Automated responsiveness test and bispectral index monitoring during propofol and propofol/N2O sedation
The Outcomes Research Institute and Department of Anesthesiology and Pharmacology, University of Louisville, Louisville, KY 40202, USA. Acta Anaesthesiologica Scandinavica
(Impact Factor: 2.32).
09/2003; 47(8):951-7. DOI: 10.1034/j.1399-6576.2003.00184.x
Sedation practice, especially when non-anaesthesia personnel are involved, requires efficient anaesthetic depth monitoring. Therefore, we used prediction probability (PK) to evaluate the performance of the bispectral index (BIS) of the EEG and automated responsiveness test (ART) to predict sedation depth and loss of subject's responsiveness during propofol sedation, with and without N2O.
Twenty volunteers were studied during propofol administration with (N2O) and without (Air) N2O. The protocol consisted of sequential 15-min cycles. After a control period, propofol was infused to a target effect-site concentration of 0.25 microg/ml (N2O) or 1.5 microg/ml (Air), which was subsequently increased by 0.25 or 0.5 microg/ml, respectively, until loss of responsiveness was detected by loss of response to command [observer's assessment of alertness/sedation (OAA/S) score <or= 2].
Deeply sedated patients did not respond to ART indicating that the sensitivity was 1.0 with or without N2O. The specificity of ART was 0.24 with Air and 0.98 with N2O. The BIS was better than ART in predicting OAA/S score (PK = 0.84 vs. 0.77) and loss of responsiveness (PK = 0.87 vs. 0.69) during the Air trial. Nitrous oxide decreased the performance of BIS in predicting OAA/S score (PK = 0.76), but increased the performance of ART to predict loss of responsiveness (PK = 0.85).
BIS and ART comparably predict sedation and loss of responsiveness. However, ART, because of its resistance to false-normal responses, might prove to be more useful on an individual patient basis - especially in the presence of agents that impair BIS sensitivity.
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ABSTRACT: The purpose of this study was to provide data of propofol-based total intravenous anesthesia (TIVA) for ambulatory surgery in developing a fast-track technique. One hundred and forty-two patients scheduled for elective surgery were studied: mean (SD) age 42.21 (16.23) years, male to female 72:70, mean (SD) body weight 60.75 (11.67) kg and American Society of Anesthesiologists (ASA) physical status I/II/III 66/38/38. Mean (SD) thiopental induction 225 (55.69) mg was maintained with mean (SD) propofol 199.64 (86.26) mg for mean (SD) anesthetic time 29.02 (11.21) minutes. Various narcotics were used: fentanyl 73.48 +/- 24.38 microg for 123 cases, morphine 3.27 +/- 1.10 mg for 10 cases, remifentanil 492 +/- 105.26 microg for 7 cases and pethidine 23.33 +/- 2.88 mg for 2 cases. Midazolam was given 2.70 +/- 1.05 mg. Patients were positioned in supine, lithotomy or lateral decubitus. One-fourth were PS III with a diagnosis of chronic renal failure and renal transplants coming for incision and drainage of perianal abscess. The mean (SD) wake-up time was 36.02 (17.69) seconds. Only one case (chronic renal failure) had severe hypotension after induction. Anesthetic agents and ideas of fast-track anesthesia were discussed.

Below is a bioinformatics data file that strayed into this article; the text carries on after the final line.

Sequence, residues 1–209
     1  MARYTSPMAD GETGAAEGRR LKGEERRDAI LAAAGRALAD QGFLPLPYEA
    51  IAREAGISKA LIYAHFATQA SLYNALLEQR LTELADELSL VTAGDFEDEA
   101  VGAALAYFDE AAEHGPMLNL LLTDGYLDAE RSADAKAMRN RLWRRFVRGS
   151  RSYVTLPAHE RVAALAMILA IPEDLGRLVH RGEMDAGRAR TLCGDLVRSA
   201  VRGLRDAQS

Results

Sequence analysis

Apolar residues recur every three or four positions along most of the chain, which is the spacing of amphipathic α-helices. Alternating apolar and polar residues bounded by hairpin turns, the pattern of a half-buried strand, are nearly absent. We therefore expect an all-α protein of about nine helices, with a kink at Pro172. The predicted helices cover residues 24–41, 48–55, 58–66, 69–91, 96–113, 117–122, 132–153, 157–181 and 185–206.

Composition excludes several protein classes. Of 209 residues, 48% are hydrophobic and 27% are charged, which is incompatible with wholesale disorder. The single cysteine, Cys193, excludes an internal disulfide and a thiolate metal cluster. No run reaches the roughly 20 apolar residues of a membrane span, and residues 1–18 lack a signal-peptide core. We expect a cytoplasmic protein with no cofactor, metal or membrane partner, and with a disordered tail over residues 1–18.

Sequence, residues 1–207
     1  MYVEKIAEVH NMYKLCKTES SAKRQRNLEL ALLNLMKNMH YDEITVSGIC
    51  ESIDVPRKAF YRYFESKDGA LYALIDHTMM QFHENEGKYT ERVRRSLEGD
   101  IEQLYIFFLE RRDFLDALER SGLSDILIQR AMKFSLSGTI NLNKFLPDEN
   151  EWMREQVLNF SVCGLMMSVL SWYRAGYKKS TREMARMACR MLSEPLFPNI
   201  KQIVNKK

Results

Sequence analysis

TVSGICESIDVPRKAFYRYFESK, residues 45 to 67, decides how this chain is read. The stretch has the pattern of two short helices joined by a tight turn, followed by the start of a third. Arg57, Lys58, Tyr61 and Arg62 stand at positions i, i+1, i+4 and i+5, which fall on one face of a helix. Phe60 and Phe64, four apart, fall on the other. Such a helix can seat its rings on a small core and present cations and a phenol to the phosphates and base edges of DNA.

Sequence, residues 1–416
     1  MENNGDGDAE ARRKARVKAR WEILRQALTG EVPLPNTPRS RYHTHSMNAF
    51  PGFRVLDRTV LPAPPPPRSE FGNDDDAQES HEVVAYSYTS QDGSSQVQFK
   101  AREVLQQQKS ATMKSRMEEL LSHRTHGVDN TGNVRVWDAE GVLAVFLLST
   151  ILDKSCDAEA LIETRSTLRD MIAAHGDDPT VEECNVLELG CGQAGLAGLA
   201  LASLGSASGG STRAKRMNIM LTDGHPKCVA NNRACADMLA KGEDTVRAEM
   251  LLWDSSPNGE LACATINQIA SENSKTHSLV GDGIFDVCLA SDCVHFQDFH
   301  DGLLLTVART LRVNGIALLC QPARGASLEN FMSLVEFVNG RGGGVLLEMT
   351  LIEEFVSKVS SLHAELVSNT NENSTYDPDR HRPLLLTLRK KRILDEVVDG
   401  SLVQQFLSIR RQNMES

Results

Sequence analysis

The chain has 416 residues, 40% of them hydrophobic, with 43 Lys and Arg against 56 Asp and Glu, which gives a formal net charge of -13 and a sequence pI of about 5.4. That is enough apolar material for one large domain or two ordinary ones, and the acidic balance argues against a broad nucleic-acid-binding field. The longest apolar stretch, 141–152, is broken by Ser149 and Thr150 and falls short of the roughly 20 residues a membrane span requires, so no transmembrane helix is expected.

Journal of the Medical Association of Thailand = Chotmaihet thangphaet 07/2004; 87(6):656-9.
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ABSTRACT: To determine the effect-site concentration (Ce) of propofol, required to achieving adequate sedation. To assess the efficacy and safety of a target-controlled infusion system during monitored anaesthesia care and to evaluate the ability of bispectral index (BIS) to predict sedation level. Study design. - Prospective clinical study.
Women scheduled for insertion of tension-free vaginal tape under local anaesthetic infiltration.
After premedication with hydroxyzine, 1% propofol was infused using the Diprifusor system at an initial target plasma concentration (Cc) of 1 microg/ml and then adjusted by steps of 0.2 microg/ml at 5 min intervals. The level of sedation was assessed using the observer's assessment of alertness/sedation (OAA/S) scale; the objective was to obtain an OAA/S level at 4 or 3 (response to verbal stimulation). Ce of propofol and BIS were noted every 5 min. Relation between Ce or BIS and OAA/S scale was analysed by linear regression and probability of prediction (P(K)).
Fifty patients aged 62 +/- 12 years were studied. Sedation at level 4 or 3 was observed in all patients. Ce of propofol and BIS to maintain this OAA/S score were, respectively, 1.0 +/- 0.2 microg/ml and 87 +/- 7. There was a linear relation between OAA/S scale and BIS or Ce; however, individual values demonstrate wide variability. The average of P(K) values computed for each patient for the BIS and Ce was 0.84 and 0.83, respectively.
Target-controlled infusion of propofol provides easy and safe management of intraoperative sedation, allowing a fast and precise adjustment of the propofol concentration to the clinical response of the patient.
Annales Françaises d Anesthésie et de Réanimation 08/2004; 23(7):675-80. DOI:10.1016/j.annfar.2004.04.017 · 0.84 Impact Factor
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